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Inter Scaldes in Kruiningen (Zealand) - 2 Michelin stars

Rating: 96.
Rating index:
Extraordinary (96-100)
Outstanding (93-95)
Very good to Excellent (89-92)
Above average to Good (86-88)
Below Average to Average (80-85)
Avoid (below 80)
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Manoir Restaurant Inter Scaldes ("Inter Scaldes") is currently the longest-running restaurant in the Netherlands to hold two Michelin stars. The second star was awarded in 1984, when the restaurant was under the reign of the previous owners, Maartje (chef) and Kees (maître d'hôtel) Boudeling, making Maartje the first Dutch female chef to be awarded two Michelin stars. Since 2001 the restaurant has been run by husband-and-wife team Jannis (chef) and Claudia (maitre d'hôtel) Brevet, a couple that have turned Inter Scaldes in one of the most celebrated destination restaurants in the country. As I explained in my 2012 review, the name Inter Scaldes refers to its location between the Oosterschelde and the Westerschelde estuaries. The name is in Latin and translates into "Between the Scheldts". Manoir Restaurant Inter Scaldes is a Relais & Chateaux property and the "Manoir" is a separate building which houses 12 luxury rooms and suites. In 2013 the restaurant's interior was redesigned.

Inter Scaldes is open for lunch and dinner from Wednesday till Sunday (no lunch on Saturdays) and you can choose between an a la carte menu (starters €39 - €59, mains €54 - €75, desserts €20) and a multi-course tasting menu (5 courses €125, 8 courses €165). I had lunch with my husband at Inter Scaldes on Sunday 5 October 2014 and we both ordered the 8-course tasting menu. *Just like in 2012, I was recognised

To start there was a selection of four canapés, including a bowl with delicious Parmesan profiterolles. The other three were (clockwise from top): a warm 'bitterbal' with a thin, evenly coated breadcrumb casing and a satiny and powdery soft egg yolk filling, lightly seasoned with basil - watermelon injected with lime and filled with finely chopped cucumber, served on top of a creamy and smooth pea puree, covered with a thin layer of clear tomato jelly and topped with dots of concentrated tomato puree - an (organic) duck foie gras bonbon, coated with a mixture of almond and apricot and served with a Savora mustard crisp. An excellent and carefully chosen selection of canapés, prepared with great skill and finesse, the egg yolk bitterbal being exceptionally amazing.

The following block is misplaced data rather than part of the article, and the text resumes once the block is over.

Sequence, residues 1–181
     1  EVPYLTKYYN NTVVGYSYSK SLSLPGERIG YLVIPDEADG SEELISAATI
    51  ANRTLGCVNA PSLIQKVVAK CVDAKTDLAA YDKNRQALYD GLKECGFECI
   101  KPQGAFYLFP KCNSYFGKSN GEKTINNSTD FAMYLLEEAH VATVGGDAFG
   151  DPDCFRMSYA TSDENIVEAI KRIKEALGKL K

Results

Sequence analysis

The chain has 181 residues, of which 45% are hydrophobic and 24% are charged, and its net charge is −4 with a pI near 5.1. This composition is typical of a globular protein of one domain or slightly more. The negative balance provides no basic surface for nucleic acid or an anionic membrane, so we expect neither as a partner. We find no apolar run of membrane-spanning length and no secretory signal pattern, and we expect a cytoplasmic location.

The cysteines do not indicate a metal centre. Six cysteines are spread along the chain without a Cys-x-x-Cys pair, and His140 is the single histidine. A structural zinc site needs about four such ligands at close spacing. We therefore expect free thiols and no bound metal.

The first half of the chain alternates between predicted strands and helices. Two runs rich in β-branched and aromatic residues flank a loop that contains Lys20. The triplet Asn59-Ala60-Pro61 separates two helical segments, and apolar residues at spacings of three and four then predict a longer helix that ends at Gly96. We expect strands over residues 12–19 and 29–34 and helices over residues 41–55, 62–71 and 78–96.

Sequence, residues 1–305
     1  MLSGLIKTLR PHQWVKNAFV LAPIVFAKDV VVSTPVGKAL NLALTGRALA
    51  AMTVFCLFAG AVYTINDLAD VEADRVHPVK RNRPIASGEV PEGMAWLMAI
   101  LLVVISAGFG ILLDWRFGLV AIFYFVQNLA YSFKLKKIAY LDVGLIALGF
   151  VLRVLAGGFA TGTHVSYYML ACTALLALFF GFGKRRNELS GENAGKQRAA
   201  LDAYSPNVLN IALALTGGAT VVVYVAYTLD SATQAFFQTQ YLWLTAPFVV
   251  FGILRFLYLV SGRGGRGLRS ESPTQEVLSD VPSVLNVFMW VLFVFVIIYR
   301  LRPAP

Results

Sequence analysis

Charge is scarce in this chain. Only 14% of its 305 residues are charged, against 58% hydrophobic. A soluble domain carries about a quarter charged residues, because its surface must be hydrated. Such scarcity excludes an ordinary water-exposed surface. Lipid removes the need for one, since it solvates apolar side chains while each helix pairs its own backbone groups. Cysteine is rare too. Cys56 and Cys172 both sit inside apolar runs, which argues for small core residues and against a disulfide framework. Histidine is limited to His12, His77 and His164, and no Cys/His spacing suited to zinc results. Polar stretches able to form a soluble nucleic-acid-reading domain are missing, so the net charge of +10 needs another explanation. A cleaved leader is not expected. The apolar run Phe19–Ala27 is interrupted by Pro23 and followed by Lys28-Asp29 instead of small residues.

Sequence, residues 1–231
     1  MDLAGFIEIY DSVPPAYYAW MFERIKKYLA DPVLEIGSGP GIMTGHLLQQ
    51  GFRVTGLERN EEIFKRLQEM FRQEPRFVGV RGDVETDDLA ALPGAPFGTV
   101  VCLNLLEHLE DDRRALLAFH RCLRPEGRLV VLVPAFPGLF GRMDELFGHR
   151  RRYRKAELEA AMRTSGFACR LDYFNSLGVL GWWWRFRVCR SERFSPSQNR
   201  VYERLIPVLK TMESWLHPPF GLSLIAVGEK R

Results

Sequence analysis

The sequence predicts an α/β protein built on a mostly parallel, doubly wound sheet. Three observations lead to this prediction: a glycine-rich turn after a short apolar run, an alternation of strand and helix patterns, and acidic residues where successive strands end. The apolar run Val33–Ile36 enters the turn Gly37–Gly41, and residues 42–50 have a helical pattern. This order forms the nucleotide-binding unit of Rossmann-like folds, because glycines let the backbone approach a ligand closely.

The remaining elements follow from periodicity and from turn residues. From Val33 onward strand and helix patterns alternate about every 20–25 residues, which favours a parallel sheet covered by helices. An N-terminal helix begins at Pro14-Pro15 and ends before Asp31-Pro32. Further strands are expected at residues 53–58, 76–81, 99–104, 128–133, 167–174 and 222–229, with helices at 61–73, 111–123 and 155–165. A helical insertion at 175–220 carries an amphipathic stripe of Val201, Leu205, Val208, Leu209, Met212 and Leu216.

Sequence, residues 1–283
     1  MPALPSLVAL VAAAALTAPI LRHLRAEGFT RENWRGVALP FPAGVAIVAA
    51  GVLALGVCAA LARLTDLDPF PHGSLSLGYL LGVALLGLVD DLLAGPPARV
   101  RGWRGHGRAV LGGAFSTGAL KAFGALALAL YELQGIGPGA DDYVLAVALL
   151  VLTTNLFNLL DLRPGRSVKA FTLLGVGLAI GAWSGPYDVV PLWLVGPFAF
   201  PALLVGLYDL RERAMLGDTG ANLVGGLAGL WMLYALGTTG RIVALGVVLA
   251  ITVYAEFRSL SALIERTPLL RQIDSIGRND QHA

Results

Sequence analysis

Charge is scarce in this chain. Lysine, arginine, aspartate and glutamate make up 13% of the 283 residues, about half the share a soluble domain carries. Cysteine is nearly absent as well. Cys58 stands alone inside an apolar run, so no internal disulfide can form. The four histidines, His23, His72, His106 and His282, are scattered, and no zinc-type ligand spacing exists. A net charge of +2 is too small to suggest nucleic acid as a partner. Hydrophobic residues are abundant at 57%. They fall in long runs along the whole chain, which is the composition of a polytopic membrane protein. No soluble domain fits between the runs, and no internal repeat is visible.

Next to arrive was an amuse bouche of lightly smoked 'Oosterschelde' eel, served with an apple molasses ('appelstroop') dressing, strips of cucumber, a verjus foam/sponge, and two perfectly made mini potato soufflés, coated with beetroot powder. A wonderful amuse bouche, the eel being moist and meaty, and the dressing was elegantly sweet with a lovely hint of acidity. This was soon followed by a second amuse bouche of a refined duck liver créme flavoured with Peking duck spices, topped with a light popcorn foam and accompanied by fig compote. A marriage of great, precise flavours, the fig compote delivering an elegant sweetness.

First course of the tasting menu was thinly sliced octopus, served with a light lavender vinaigrette, and topped with dots of green apple puree, strips of fresh green apple, and sliced karkalla (a type of sea vegetable). Underneath the octopus was a smooth onion crème, delicately flavoured with yuzu, and an algae puree was dotted around. A visually striking dish with exquisite, balanced flavours and great textures. Very flavoursome and meltingly tender octopus that combined wonderfully with the mildly floral lavender vinaigrette and the delicious onion crème; the yuzu having been used with great success and subtlety. The onion flavours were creamy, sweet and aromatic, but the yuzu balanced the intensity, creating a certain lightness. Clever use of algae too, giving the dish a nice marine umami touch.

Second course was an egg-shaped cup filled with a creamy sturgeon brandade, covered with some thinly sliced grapes and appropriately topped with a dollop of Dutch Anna Royale caviar. An incredible elegant dish served at just the right, cool, temperature, and consequently the brandade wasn't too rich, resulting in a terrific balance between richness and freshness. The brandade was very lightly flavoured with truffle, creating a lovely subtle truffle aroma.